By: Christopher Otubu

Truenewsblog -. More than a year after a Minnesota police officer killed George Floyd, a Texas grand jury has indicted 19 Austin police officers with aggravated assault with a deadly weapon over their actions during the 2020 racial injustice protests that broke out after the killing of George Floyd spread nationwide. Austin Police Assn. President Ken Cassidy confirmed that 19 officers face charges but gave no further details.

The charges against a single US police department are among the most common over tactics employed by officers during the nationwide protests – methods that have led to the resignation or firing of several police chiefs across the country.

The indictment came hours after Austin city leaders approved paying $10 million to two people injured by police at the protests, including a college student who suffered brain damage after an officer shot him with a beanbag.

The indictments and settlements combined meant that Austin, the liberal capital of conservative Texas, took some of its most sweeping measures as criticism of the handling of the protests simmered, increasing pressure on then-Police Chief Brian Manley to resign.

Jose Garza, the Travis County District Attorney, which includes Austin, spoke to reporters Thursday afternoon about the grand jury investigation but gave no details, including how many officers were charged and for what alleged crimes.

“Our community is safer when our community trusts enforcement, when they believe law enforcement is following this law and protecting the people who live here,” Garza said. “There can be no trust if there is no accountability when law enforcement breaks the law.” Prosecutors have not identified any of the defendants. Texas law requires that an indictment remain classified until an officer is arrested.

Aggravated assault with a deadly weapon if committed by an officer could carry a life sentence: Cassidy, the Austin Police Assn. The president called the move “devastating” for law enforcement in the city and said he was confident no officer would be convicted. He criticized Garza and called the investigation politically motivated.

“Garza ran a platform to impeach cops and didn’t miss an opportunity to ruin lives and careers just to make good on a campaign promise,” Cassidy said.

Garza said his office prosecutes anyone who causes harm “regardless of who causes it.” Austin Police Chief Joseph Chacon, who took over the job after Manley left, said he respected the grand jury’s procedure but was “extremely disappointed” when the prosecutor announced expected charges against his officers.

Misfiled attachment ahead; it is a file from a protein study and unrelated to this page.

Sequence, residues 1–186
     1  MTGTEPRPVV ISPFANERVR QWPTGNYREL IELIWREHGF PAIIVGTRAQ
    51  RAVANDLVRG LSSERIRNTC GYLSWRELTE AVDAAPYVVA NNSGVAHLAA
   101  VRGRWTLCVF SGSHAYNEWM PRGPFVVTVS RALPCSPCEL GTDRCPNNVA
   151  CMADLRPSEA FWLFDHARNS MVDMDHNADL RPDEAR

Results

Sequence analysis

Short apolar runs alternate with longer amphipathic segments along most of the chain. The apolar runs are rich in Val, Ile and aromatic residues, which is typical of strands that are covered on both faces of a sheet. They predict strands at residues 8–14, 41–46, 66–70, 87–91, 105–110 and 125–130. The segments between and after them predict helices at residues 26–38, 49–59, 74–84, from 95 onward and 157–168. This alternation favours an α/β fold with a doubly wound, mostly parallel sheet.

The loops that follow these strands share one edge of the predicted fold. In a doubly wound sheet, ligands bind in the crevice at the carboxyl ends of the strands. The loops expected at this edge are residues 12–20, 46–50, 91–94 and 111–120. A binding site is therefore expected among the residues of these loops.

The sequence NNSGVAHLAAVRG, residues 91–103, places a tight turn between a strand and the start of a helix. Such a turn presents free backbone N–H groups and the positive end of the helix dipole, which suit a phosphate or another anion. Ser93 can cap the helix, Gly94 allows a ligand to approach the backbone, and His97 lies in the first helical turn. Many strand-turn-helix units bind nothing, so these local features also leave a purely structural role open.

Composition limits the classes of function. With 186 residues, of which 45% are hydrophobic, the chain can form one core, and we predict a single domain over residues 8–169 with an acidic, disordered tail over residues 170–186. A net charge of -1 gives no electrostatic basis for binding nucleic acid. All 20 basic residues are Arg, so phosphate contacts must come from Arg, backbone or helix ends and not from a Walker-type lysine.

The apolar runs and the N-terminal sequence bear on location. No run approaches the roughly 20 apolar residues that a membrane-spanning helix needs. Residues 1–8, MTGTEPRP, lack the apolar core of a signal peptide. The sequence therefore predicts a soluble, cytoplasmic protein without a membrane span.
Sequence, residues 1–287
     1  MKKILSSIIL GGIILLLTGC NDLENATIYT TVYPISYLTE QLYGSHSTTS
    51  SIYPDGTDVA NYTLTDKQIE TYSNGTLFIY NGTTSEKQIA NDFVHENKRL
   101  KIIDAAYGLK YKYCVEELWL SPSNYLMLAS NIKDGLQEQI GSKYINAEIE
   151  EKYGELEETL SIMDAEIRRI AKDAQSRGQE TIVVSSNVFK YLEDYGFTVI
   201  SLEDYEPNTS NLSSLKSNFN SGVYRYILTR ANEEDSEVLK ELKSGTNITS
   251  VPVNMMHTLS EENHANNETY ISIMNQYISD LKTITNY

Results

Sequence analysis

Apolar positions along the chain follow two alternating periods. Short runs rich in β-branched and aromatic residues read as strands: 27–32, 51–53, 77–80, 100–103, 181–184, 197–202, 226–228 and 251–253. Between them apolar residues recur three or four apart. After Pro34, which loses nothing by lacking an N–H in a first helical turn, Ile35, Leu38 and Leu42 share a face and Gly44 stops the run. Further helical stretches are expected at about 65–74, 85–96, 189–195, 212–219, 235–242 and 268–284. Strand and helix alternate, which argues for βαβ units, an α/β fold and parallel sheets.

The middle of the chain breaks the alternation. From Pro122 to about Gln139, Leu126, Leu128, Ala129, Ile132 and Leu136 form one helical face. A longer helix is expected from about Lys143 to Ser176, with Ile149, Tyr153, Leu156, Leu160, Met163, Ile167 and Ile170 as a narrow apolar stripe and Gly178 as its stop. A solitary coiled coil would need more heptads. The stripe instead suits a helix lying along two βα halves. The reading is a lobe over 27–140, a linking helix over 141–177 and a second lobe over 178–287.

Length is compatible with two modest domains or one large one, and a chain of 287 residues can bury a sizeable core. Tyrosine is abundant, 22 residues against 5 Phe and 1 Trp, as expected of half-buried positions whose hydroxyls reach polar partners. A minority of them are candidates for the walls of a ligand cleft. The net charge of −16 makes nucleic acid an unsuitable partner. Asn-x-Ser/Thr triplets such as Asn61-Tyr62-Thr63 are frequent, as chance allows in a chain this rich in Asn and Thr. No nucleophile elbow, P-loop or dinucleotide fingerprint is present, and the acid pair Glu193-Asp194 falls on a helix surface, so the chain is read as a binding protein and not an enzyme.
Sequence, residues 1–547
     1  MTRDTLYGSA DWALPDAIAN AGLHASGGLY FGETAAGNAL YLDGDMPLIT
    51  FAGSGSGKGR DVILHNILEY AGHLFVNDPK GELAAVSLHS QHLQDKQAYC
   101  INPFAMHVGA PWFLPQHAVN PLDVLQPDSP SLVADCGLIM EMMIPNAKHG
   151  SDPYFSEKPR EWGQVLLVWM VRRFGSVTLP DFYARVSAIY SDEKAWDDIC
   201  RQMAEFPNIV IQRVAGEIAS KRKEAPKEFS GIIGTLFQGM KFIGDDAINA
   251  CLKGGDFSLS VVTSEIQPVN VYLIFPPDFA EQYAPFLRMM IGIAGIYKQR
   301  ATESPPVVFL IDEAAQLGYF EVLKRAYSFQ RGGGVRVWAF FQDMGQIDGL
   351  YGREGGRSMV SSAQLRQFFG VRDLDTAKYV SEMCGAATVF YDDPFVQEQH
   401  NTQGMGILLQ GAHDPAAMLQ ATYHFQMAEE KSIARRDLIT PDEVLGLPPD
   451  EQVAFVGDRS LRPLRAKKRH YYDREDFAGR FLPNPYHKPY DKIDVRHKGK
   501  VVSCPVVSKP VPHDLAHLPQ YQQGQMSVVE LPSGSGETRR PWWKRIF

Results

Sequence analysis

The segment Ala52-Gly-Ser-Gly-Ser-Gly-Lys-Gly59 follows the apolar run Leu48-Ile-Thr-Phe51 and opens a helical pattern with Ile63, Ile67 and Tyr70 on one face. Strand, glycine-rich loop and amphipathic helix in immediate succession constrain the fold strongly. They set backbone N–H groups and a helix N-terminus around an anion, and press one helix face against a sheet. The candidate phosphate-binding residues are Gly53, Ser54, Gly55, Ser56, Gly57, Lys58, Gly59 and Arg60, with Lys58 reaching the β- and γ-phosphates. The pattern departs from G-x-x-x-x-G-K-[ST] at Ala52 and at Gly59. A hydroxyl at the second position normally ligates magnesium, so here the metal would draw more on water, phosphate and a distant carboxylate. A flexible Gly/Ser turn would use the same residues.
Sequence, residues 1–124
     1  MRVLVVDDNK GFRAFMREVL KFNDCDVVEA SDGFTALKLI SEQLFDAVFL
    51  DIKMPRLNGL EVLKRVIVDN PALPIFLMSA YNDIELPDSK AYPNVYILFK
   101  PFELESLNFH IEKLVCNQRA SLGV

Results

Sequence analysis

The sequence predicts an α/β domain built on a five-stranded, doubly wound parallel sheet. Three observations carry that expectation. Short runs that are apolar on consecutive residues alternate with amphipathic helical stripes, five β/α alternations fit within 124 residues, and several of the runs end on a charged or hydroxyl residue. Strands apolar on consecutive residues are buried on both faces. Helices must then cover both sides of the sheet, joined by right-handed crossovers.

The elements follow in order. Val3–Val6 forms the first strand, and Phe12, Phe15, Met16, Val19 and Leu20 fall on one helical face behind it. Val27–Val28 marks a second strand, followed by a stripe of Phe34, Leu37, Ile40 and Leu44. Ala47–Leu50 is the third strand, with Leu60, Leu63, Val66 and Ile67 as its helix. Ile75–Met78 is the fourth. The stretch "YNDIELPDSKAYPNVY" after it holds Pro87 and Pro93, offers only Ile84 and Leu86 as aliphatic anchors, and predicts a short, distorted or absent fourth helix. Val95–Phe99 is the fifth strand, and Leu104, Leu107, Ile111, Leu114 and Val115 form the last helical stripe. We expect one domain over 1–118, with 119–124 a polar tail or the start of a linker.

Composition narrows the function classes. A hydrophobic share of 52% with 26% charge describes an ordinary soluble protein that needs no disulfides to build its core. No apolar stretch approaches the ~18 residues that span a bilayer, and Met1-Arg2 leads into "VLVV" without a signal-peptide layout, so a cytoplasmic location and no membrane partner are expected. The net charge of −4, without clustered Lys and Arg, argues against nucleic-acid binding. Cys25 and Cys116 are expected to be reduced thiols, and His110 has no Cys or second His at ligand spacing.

Chacon stressed that his command staff prepared officers to face hundreds of people as thousands turned out at protests, which he described as “righteous and violent” at times.

“I am not aware of any behavior that would approach the level of criminal violation by those officers given the circumstances in which the officers worked,” Chacon said.

But beanbag rounds fired by officers didn’t always work “as expected,” Chacon said, and his agency now bans the use of “less-lethal munitions in crowd control situations.”

The settlements approved Thursday are among the largest payments to people injured by police across the United States during the massive protests following Floyd’s death in Minneapolis.

The largest of the Austin settlements gives $8 million to Justin Howell, who was 20 when police shot him with a bean bag chair. Family members told Truenews after the incident Howell suffered a fractured skull and brain damage, leaving him in critical condition for several days.

The city is also paying $2 million to Anthony Evans. He was 26 when an Austin police officer shot him with a bean bag chair in another incident, prompting extensive medical attention to his jaw.

Austin Mayor Steve Adler said the settlements “remind us of a really difficult and painful moment in our city.”

It’s the latest reflection on how cities are still dealing with police violations and tactics to contain them, two years after the protests that swept the country. Earlier this month, prosecutors announced charges against two Dallas police officers accused of injuring protesters after they fired less-lethal ammunition.

After the Austin protests, Manley said Howell was not the intended target when officers fired into a crowd following an altercation in which Howell said people threw objects at a number of officers.

Authorities said this led to officers firing from above at the crowd of protesters. David Frost, who captured the moments after Howell’s shooting on video, told the Truenewsblog he saw protesters on an overpass throw fist-sized rocks and water bottles at the police line. Then he saw Howell fall. The young man bled profusely and suffered a seizure, Frost said at the time.

The settlements are the second and third payments in a dozen lawsuits filed in Austin alleging violations from the protests. Earlier this month, the Austin American-Statesman reported that a $150,000 settlement had been approved for a woman named Ariana Chavez, who was shot in the head with less-lethal ammunition, resulting in concussion.

At least 19 people have been hospitalized following the Austin protests. Eleven officers were disciplined for their actions during the protests and seven other officers were transferred to administrative duties.

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